HANDS ON Traditional Crafts at The City of the Dead in Cairo

press to zoom

press to zoom

press to zoom
1/7

Tomb of Sultan Qansuh Abu Sa‘id (No.164), A.D.1499 / 904 A.H.

The mausoleum that now stands on a traffic island in the middle of a busy road is the only surviving part of a much larger complex. Its location at the northern end of the “Mamluks’ Desert” earned it a sobriquet Qubbat al-Ghafir, “Dome of the Watchman” (although there are Mamluk tombs located even further north.)

 

Qansuh was a mamluk of Sultan Qaitbey under whose protection he rose to high offices. As an amir of Qaitbey, he built a domed tomb next to the Citadel. After his master’s death Qansuh was made the custodian of his heir, and eventually became sultan himself. Then he commissioned the much larger and more sumptuous mausoleum in the Eastern Cemetery. He only reigned for a year, however, before being deposed, exiled to Alexandria, and finally killed.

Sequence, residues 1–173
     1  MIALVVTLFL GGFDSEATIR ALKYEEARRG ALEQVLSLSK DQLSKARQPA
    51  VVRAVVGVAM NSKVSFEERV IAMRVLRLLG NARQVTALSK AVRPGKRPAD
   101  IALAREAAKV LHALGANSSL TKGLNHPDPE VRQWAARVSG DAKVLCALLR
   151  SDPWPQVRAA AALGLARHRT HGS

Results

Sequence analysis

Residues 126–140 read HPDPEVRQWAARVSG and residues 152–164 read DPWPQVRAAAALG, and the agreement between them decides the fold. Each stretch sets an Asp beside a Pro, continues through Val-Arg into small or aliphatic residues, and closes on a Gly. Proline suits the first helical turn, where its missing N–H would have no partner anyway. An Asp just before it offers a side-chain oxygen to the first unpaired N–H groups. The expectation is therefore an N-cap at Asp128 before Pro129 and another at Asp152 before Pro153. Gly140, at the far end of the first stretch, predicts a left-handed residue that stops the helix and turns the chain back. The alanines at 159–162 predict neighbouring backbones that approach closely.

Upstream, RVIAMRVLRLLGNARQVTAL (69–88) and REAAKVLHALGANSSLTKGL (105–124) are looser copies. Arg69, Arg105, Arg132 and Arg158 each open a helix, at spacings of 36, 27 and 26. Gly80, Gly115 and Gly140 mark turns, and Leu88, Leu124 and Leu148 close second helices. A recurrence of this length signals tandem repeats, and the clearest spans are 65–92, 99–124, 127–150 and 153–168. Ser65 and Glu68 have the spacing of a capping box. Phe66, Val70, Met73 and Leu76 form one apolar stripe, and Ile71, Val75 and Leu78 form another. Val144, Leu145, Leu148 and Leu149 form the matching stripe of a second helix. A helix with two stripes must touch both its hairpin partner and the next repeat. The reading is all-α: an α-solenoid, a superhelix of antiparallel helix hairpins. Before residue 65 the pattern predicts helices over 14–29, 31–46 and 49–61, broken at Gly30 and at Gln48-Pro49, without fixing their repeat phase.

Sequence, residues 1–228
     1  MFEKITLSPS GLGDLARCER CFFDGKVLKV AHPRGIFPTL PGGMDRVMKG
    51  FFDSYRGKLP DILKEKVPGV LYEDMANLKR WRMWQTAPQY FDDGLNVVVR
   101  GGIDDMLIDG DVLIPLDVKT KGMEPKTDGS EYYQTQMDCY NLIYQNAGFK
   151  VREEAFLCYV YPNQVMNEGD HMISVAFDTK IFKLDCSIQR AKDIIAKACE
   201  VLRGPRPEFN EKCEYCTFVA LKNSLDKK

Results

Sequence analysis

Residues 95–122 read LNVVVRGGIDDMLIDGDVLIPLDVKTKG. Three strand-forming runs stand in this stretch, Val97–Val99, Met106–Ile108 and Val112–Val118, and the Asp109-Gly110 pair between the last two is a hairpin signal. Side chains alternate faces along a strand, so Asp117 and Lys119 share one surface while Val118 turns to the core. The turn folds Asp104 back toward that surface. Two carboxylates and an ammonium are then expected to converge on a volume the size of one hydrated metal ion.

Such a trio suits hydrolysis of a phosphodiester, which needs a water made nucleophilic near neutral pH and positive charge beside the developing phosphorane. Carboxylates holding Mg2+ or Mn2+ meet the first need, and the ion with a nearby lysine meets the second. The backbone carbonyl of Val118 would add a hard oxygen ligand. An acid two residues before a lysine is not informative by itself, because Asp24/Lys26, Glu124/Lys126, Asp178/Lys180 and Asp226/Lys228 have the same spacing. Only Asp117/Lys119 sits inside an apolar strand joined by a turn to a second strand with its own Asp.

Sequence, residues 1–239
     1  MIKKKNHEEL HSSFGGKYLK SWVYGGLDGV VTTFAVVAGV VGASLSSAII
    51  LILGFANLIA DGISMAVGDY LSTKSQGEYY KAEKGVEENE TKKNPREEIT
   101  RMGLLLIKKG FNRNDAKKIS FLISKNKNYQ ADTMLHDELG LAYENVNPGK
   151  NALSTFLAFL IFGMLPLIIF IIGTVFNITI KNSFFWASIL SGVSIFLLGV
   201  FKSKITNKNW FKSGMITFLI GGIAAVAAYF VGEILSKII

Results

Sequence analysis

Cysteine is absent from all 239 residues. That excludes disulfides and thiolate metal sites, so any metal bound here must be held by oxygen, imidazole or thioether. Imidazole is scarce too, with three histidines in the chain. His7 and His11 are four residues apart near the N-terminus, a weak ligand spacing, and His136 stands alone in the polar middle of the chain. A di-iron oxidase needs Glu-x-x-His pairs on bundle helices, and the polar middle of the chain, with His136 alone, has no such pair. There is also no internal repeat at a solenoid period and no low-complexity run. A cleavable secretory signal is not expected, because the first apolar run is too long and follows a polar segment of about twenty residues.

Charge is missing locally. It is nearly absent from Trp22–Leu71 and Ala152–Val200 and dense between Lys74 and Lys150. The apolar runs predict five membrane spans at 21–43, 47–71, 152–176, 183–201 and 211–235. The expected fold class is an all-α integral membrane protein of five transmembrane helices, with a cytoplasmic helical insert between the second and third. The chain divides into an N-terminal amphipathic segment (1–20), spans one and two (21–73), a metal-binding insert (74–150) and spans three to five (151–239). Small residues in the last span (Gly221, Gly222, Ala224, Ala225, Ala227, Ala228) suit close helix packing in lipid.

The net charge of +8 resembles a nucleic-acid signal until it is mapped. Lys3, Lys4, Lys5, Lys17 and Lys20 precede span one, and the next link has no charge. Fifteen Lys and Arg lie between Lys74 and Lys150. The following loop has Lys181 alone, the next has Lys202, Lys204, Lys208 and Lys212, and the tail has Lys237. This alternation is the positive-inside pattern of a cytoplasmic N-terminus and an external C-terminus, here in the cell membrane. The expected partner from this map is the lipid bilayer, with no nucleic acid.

The complex pattern of interlacing triple arrows carved on the stone dome is unique in Cairo. It harmonises perfectly with the crystalline forms of the zone-of-transition under the dome, which is typical of the final period of Mamluk architecture.